Aside from HP, these legacy printing businesses include Mimaki, Ricoh, Sindoh, and Epson. Canon and Konica Minolta have long partnered with 3D Systems to sell its products. Canon in particular has explored the development of at least one 3D printer. More recently, Konica Minolta began selling 3D printing services with Markforged technology in Australia. One of these firms could firm up their commitment to the AM sector with the acquisition of Elem Additive.

The most obvious guess, given its current momentum, would be Mitsubishi via Nikon. Elem X technology would complement the variety of other metal 3D printing processes being developed at Mitsubishi, given its niche applications. Mitsubishi’s various businesses are ostensibly separate, so Xerox would have to work with whichever affiliated company that chose to buy it. For that reason, it could very well work within Nikon, which operates military and aerospace 3D printing bureau Morf3D.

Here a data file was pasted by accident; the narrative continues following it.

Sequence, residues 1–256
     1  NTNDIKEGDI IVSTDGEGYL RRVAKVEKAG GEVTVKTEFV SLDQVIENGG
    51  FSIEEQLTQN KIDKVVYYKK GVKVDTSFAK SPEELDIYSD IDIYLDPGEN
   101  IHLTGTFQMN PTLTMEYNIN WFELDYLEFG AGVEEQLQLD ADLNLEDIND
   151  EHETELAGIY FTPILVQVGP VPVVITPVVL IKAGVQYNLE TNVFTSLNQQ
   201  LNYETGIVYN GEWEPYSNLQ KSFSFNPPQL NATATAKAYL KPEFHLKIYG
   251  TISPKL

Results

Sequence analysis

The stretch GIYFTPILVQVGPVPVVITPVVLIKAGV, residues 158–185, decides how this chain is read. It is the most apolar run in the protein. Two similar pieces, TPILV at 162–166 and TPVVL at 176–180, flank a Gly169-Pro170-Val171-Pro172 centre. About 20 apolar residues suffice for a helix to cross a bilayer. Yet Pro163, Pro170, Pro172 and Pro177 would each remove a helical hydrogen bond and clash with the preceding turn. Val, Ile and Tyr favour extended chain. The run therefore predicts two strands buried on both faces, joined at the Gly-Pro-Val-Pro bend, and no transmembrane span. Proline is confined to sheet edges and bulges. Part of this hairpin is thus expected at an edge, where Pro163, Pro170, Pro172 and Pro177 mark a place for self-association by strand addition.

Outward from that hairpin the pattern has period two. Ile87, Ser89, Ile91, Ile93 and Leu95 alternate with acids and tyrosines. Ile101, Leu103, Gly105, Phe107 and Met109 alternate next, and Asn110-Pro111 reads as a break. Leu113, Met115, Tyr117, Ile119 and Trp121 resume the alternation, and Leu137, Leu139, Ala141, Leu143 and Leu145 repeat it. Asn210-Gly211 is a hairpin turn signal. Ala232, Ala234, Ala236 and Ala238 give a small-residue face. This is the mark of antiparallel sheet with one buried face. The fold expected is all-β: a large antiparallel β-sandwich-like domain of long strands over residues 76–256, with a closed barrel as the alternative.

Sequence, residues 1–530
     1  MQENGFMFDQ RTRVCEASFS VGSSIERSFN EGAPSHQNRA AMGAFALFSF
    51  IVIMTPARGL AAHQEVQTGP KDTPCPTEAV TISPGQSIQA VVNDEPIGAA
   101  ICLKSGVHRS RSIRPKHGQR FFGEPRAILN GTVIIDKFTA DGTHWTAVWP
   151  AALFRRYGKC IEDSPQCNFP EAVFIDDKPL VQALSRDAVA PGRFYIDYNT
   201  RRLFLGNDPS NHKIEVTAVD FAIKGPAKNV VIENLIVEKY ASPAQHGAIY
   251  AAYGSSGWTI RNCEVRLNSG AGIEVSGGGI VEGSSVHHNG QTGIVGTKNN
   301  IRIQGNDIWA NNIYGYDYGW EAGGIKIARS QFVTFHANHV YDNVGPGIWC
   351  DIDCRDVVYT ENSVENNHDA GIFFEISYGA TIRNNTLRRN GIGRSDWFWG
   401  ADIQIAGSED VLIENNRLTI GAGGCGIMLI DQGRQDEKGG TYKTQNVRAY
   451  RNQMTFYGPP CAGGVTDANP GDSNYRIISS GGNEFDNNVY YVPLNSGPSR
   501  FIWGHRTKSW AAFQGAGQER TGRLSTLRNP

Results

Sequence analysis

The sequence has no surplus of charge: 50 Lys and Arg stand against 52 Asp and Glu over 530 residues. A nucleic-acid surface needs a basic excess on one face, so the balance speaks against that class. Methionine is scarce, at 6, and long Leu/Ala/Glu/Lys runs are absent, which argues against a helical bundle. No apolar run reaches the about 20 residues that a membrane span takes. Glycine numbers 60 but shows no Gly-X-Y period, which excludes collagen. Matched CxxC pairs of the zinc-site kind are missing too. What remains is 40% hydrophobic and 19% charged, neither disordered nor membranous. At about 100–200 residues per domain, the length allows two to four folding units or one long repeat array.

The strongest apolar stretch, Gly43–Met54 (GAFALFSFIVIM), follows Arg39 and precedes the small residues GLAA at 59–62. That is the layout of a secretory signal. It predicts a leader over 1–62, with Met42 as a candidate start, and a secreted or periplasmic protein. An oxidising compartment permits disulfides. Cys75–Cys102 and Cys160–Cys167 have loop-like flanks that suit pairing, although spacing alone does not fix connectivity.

The 3D Printing Workforce at Large

As 3DPrint.com has pointed out, the 3D printing market is experiencing a great deal of turmoil due to the larger recession. Many firms across the board have laid off employees, while the more financially stable ones are able to pick up the pieces. Alexander Daniels Global (ADG), a leader in 3D printing recruitment solutions, is in a keen position to understand the flow of the industry’s workforce. About the recent wave of layoffs, ADG Director Nick Pearce told 3DPrint.com: